June 04, 2012
Credit: Photo Credit: Boeing Concept
For 14 years, the U.S. commercial satellite industry has tried to reverse a law that aimed to limit dual-use satellite technology but has instead, industry insiders insist, put U.S. exports at a competitive disadvantage.
The restriction on satellite exports was instituted in 1998, in response to fears that China could use U.S. commercial satellite components to bolster its own launch and missile capabilities. The law classified even commercial satellites and components as military ones and left the decision as to which could be exported in the hands of the State Department.
Now, the House version of the defense authorization bill for fiscal 2013 includes a provision that would remove commercial satellites and components from the U.S. Munitions List (USML) and allow the president to decide which satellite technologies are the most important to protect. The bill still restricts the export and transfer of technology to China, Cuba, Iran, North Korea, Sudan and Syria. But the change would vastly improve the U.S. satellite industry's ability to compete in the global marketplace, industry advocates say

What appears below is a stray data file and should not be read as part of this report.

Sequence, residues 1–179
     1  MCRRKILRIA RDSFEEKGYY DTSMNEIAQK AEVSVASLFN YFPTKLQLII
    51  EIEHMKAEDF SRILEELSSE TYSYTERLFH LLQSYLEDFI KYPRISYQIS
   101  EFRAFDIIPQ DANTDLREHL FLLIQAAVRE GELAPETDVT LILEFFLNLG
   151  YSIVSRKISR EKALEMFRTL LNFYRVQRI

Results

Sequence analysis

Inclusion in the defense policy bill represents a significant milestone in a gridlocked Congress. The defense bill is considered must-pass legislation that has not failed to clear both chambers in half a century. To pass, the trick will be retaining the provision in the Senate version, which has been quashed in the past by powerful senators including Jon Kyl (R-Ariz.).
The language is not in the version of the defense bill passed last month by the Senate Armed Services Committee, though on May 23, Sen. Michael Bennet (D-Colo.) introduced a companion bill in the Senate.
Without a Republican co-sponsor for Bennet's bill, industry officials say they may rather place their bets on the House-Senate conference committee, because two of the four top negotiators, the leaders of the House Armed Services Committee—Rep. Buck McKeon (R-Calif.) and Rep. Adam Smith (D-Wash.)—are both advocates of loosening the restrictions on satellite exports.
If it comes to a vote on the Senate floor, Kyl still backs the ban on exports and will oppose its reversal.